At another point, Karen, who often speaks in an aloof and distracted manner, tries to explain her recent enrollment in Japanese classes: "Because I. Because of my mind. Because I want to learn new ways of using my mind. Because I'm tired of all the old familiar ways that my mind wants to use itself. Because I want to make new pathways. Forge new paths. Like a barbarian almost, chopping away at the wilderness. I want to chop away at the wilderness of my mind. Like someone with a machete. . . ." She is having an affair with language in the same way that Kate is having an affair with Shlomy (Michael Chick), a gay hairdresser -- it's just another point of contact, a different approach.
I suspect that my resistance to the play is that it's too aware of itself, of its own structure: it's meta-realism, in which clever characters (and cleverer actors) speak well of the pain, but substitute the discussion of trauma for the actual experience of it, and leave with only the most artificial catharsis, having really dealt with nothing. These seven absent husbands are parts of the problem, but their stories are untold, and there's no way to make the expression of absence in a play ever feel complete. Kosmas compensates for this by injecting two men into the play: failing with Shlomy, a spineless character who comes across as a physical prop for Karen (and later, an improbable option for Karen), but succeeding with Horace, a quiet but commanding foil for everything Rebecca's struggling against (Mr. Maher, who has a distinct lisp, has the ability to making passivity seem either sweet or sinister, depending on the volume of his voice).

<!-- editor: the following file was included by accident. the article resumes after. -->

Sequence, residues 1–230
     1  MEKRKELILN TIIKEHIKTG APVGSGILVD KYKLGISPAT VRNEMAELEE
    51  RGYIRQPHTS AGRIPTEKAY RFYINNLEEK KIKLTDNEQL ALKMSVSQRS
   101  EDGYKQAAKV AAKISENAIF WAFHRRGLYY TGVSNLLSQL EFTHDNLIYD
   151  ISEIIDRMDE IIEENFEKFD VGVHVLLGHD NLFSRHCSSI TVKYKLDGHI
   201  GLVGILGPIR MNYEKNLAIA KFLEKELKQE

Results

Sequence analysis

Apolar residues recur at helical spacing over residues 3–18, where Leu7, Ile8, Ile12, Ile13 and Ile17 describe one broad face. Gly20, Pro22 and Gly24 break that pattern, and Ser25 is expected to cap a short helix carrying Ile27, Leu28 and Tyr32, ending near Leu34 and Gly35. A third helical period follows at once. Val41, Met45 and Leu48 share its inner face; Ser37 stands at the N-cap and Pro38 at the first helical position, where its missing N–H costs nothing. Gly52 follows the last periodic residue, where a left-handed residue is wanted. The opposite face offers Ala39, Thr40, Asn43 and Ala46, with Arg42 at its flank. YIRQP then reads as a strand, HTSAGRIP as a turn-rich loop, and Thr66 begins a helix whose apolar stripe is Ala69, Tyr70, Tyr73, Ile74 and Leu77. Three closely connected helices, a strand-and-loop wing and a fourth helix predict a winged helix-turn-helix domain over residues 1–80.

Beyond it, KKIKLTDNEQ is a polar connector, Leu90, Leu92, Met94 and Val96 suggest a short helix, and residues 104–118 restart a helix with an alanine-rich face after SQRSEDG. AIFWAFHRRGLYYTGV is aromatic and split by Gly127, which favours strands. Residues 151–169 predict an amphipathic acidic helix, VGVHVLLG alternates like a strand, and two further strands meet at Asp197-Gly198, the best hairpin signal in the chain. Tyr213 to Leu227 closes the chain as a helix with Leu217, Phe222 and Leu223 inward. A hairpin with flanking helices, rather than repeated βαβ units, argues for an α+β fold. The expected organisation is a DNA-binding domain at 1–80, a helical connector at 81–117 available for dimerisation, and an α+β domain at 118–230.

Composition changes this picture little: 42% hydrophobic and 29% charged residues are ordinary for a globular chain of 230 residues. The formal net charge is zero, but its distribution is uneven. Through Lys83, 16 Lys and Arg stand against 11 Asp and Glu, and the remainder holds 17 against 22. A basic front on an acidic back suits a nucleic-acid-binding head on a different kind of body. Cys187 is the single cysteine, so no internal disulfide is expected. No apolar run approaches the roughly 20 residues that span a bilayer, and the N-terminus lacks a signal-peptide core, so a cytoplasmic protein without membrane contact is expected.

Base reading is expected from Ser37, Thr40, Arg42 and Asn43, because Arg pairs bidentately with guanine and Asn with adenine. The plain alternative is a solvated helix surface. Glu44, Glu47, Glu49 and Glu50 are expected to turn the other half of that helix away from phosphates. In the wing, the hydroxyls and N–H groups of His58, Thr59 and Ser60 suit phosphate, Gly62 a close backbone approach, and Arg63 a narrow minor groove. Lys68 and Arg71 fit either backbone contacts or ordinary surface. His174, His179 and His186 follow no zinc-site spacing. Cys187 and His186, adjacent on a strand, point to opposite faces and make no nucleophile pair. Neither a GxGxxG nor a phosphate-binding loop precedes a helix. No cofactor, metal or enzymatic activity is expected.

Ultimately, Kosmas has to turn to the present audience, turning her actors into a Greek chorus of tragically flawed (but suddenly -- unfortunately -- homogeneous) people who apologize for their inability to look within. It is, as they and Kosmas say, easier to look out, rather than look in. "Who wouldn't? Because sure / if you can think about all that out there / and there's plenty of it out there to think about / I say if you can think about all that then / why think about all this instead? / If you can think about all that then / you don't have to think about what is." But is that the sort of play -- the sort of ending -- that can actually challenge us to do something more? Hello Failure is most important when it's confronting what is; unfortunately, it's at its best when it's confronting what isn't.
Hello Failure (1 hr. 40 min.)
Shady Lane Productions @ PS122 (150 1st Avenue)
Tickets (www.theatermania.com): $15.00
Performances (through 3/22): Mon., Thurs. - Sat. @ 8 | Sun. @ 6:30
According to Lincoln Center's new LCT3 project at its slogan, it takes "New Audiences for New Artists." It also takes new critics, hence the establishment of Theater Talk's New Theater Corps in 2005, a way for up-and-coming theater writers and eager new theatergoers to get exposure to the ever-growing theater scene in New York City. Writers for the New Theater Corps are given the opportunity to immerse themselves in the off-off and off-Broadway theater scene, learning and giving back high-quality reviews at the same time. Driven by a passion and love of the arts, the New Theater Corps aims to identify, support, and grow the arts community, one show and one person at a time.